There’s a big difference between a true sense of security and one that only appears to be so. Even though sometimes it’s hard to tell the difference, due to subtle indicators that aren’t visible from the outside.
There’s at least two reasons I can think of that make this topic something important to explore. One is for one’s personal growth and the other is for when you’re dealing with others. The key determining factor of confidence is not requiring proof. What I mean is that if someone is confident in their idea or whatever it is they’re taking on in life, they won’t feel the need to prove it to themselves or others. If there’s even a minimal need of this, then confidence might be around the corner, but it hasn’t fully taken place just yet.
When we look at the definition of confidence, three of them are:
- The feeling or belief that one can rely on someone or something; firm trust.
- The state of feeling certain about the truth of something.
- A feeling of self-assurance arising from one’s appreciation of one’s own abilities or qualities.
The way confidence is defined makes it pretty clear that there is no need of proof. You know (you feel and/or believe) whatever the decision or whoever the person you’re bestowing confidence upon is a sure thing. I would go a step further and add that even if it’s confidence in uncertainty, it’s still confidence because it’s rendering uncertainty a sure thing.
So when it comes to yourself, if you notice a need for approval or confirmation of being on the right track (with a decision or your thought process on a subject), you may want to explore why you feel this need. Through questions and thought on the need for approval you can arrive at the reason for your uncertainty or lack of confidence on the matter and in turn, you can find answers or get the confirmation you need to move towards confidence.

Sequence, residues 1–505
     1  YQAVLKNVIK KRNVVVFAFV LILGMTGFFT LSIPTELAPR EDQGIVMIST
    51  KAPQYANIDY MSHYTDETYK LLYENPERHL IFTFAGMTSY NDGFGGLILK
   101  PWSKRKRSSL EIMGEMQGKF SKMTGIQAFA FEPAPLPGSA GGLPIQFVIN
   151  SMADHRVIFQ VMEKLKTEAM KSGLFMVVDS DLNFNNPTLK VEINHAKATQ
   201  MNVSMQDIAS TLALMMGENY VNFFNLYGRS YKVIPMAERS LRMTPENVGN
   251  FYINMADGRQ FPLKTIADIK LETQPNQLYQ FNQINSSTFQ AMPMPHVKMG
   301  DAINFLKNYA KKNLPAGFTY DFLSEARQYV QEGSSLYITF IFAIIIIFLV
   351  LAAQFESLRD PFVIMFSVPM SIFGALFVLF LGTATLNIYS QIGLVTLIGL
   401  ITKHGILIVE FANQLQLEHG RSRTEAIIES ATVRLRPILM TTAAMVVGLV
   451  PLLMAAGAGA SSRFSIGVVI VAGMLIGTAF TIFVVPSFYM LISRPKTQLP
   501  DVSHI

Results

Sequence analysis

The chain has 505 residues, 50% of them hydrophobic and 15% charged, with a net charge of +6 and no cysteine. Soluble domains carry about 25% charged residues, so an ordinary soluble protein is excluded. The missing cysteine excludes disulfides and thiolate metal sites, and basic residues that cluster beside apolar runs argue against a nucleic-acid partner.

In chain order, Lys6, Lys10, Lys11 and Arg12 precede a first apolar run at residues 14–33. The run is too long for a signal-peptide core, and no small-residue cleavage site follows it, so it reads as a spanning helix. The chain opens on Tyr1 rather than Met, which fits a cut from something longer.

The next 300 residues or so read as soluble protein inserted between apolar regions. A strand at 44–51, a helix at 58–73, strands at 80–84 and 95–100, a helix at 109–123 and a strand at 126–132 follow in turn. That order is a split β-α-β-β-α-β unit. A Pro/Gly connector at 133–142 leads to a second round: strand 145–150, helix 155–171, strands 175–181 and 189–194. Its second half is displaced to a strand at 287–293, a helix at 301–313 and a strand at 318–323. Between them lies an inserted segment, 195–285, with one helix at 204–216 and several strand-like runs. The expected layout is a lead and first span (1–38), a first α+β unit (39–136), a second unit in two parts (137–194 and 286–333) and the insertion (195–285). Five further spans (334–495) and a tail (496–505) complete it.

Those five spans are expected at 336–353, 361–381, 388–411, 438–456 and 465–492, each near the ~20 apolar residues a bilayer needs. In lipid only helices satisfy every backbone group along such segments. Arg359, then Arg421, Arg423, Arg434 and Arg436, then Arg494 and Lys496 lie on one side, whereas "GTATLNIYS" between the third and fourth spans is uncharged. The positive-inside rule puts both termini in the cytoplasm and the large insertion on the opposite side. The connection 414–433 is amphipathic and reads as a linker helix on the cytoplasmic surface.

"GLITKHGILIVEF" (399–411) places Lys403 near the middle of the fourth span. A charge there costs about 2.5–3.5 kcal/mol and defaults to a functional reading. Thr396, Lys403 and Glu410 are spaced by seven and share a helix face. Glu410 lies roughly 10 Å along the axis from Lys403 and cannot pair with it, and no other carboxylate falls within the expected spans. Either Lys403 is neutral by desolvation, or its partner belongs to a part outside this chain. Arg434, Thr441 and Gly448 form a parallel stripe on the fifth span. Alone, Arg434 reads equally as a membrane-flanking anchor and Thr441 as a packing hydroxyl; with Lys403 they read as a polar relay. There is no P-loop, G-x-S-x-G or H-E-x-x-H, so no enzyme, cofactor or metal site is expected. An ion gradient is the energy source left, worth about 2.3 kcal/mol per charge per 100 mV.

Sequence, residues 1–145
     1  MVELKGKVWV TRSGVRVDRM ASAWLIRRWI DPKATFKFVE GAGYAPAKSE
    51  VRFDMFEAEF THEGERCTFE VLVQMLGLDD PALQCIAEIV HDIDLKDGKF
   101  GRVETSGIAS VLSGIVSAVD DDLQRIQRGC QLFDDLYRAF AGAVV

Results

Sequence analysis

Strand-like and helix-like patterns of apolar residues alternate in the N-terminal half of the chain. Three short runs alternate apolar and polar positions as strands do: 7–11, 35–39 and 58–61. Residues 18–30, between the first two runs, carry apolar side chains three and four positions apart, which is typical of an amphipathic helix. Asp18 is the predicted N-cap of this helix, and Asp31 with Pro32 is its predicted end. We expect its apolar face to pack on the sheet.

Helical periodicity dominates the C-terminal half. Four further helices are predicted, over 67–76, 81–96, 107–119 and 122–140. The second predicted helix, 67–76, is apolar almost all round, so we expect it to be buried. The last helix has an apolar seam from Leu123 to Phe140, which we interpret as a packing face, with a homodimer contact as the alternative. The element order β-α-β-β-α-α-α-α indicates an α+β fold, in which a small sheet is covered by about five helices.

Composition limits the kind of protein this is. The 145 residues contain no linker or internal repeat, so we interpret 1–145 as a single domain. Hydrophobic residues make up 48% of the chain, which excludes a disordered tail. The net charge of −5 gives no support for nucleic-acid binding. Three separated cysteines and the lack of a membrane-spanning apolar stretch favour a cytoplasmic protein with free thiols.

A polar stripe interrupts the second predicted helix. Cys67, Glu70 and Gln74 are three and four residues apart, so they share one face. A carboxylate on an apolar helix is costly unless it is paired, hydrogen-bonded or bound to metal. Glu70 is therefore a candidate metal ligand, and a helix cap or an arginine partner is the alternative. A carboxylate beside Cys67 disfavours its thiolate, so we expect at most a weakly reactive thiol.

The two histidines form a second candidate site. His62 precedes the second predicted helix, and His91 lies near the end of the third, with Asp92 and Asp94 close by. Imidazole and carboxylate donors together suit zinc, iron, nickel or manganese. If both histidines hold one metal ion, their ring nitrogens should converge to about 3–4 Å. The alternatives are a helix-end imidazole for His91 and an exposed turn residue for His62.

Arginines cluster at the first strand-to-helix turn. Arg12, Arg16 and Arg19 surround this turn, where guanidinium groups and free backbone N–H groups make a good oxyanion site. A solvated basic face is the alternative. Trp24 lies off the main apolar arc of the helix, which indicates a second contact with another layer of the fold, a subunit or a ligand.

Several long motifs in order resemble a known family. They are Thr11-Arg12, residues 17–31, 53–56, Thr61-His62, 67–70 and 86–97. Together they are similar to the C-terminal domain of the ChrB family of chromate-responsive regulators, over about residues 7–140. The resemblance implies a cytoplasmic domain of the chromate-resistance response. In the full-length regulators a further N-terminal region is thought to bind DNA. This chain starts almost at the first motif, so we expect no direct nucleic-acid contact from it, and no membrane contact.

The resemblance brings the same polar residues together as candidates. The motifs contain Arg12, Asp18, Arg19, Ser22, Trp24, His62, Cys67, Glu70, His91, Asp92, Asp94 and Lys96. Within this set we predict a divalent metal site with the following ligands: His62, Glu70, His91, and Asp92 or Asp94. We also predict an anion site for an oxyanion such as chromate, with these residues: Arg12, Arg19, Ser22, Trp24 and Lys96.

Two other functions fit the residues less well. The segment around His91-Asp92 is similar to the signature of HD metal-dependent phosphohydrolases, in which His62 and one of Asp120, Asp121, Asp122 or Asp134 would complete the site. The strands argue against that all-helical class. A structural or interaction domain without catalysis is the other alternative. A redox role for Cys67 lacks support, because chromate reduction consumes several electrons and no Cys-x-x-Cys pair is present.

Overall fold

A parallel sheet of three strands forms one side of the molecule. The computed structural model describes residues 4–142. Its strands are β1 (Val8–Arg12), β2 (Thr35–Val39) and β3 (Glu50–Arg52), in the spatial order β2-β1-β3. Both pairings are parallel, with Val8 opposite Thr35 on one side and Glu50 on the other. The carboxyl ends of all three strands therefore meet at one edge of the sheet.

If it’s confidence when dealing with others, what I’m talking about here (for the purpose of this blog post) is confidence portrayed in a boastful, arrogant and conceited way. Confidence at its purest form, at least in the way I’ve experienced it and seen it, is authentic (it feels super genuine, like it’s a part of that person). It usually comes across as a person who is expressing in their body language, tone and choice of words certainty, affirmation in regards to their belief with no signs of belittlement towards others. When I’ve seen it in its arrogant form (so to speak), it is quite different.
When someone acts with confidence, but isn’t; it comes across as a competitive dialogue or as a person who is talking in a way that expresses superiority (where they are superior to me or to those they’re talking to or about). This type of confidence when encountered can tell you an entirely different story about the person you’re dealing with and that story is that this person is super insecure.
Their confidence is merely a façade that gives them a false sense of security (and superiority, if I may add) that is a clear sign of them needing confirmation from the external (validation) that they are good at what they do or are doing the right things. When dealing with these types of individuals, it is quite hard to empathize or be nice to them, and think nicely or at least neutrally about them. The reason is the belittlement component. No one likes to be talked down to. With awareness of this though, one can know that when dealing with someone who shows signs of arrogant confidence they are most likely quite insecure. Their need to feel superior, which is shown through their behavior and how they talk, is a representation of this.
The next time you see someone who expresses themselves with an arrogant confidence, just remember that they are probably suffering with many doubts and insecurities.
How do you identify true confidence?